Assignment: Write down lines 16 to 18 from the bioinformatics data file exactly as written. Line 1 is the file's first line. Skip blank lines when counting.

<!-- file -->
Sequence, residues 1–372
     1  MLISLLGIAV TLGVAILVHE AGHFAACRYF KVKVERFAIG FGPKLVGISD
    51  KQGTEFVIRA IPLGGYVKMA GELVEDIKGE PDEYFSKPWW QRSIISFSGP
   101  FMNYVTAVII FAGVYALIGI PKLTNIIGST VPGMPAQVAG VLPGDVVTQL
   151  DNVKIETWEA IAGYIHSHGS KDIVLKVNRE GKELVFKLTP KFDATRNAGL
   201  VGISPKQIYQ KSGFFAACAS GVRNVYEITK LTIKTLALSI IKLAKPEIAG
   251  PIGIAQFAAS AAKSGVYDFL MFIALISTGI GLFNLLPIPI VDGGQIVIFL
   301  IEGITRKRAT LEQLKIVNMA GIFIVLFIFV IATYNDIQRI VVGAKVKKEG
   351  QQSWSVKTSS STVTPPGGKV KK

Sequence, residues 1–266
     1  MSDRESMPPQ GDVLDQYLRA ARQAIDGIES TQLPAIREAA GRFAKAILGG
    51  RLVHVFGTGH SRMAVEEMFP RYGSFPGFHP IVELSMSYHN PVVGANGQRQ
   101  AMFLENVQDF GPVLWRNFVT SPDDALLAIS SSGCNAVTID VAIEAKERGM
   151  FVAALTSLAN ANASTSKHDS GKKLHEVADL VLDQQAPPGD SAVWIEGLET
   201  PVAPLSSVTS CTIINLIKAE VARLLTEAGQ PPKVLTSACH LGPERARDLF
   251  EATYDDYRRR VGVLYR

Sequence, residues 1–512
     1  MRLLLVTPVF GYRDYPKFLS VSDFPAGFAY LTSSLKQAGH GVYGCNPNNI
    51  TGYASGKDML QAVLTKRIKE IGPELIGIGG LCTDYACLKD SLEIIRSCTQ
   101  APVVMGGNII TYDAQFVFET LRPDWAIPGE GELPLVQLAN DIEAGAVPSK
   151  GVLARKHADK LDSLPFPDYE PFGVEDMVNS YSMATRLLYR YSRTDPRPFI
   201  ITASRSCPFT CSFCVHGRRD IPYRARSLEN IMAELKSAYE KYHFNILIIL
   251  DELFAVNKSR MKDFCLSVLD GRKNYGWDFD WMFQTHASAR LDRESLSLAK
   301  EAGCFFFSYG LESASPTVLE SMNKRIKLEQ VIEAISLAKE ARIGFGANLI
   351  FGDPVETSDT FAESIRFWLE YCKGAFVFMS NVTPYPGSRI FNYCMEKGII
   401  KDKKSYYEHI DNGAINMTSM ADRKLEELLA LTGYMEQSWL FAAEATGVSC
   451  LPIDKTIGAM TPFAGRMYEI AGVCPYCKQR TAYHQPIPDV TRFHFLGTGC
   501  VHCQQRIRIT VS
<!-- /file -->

   251  EATYDDYRRR VGVLYR

Sequence, residues 1–512
     1  MRLLLVTPVF GYRDYPKFLS VSDFPAGFAY LTSSLKQAGH GVYGCNPNNI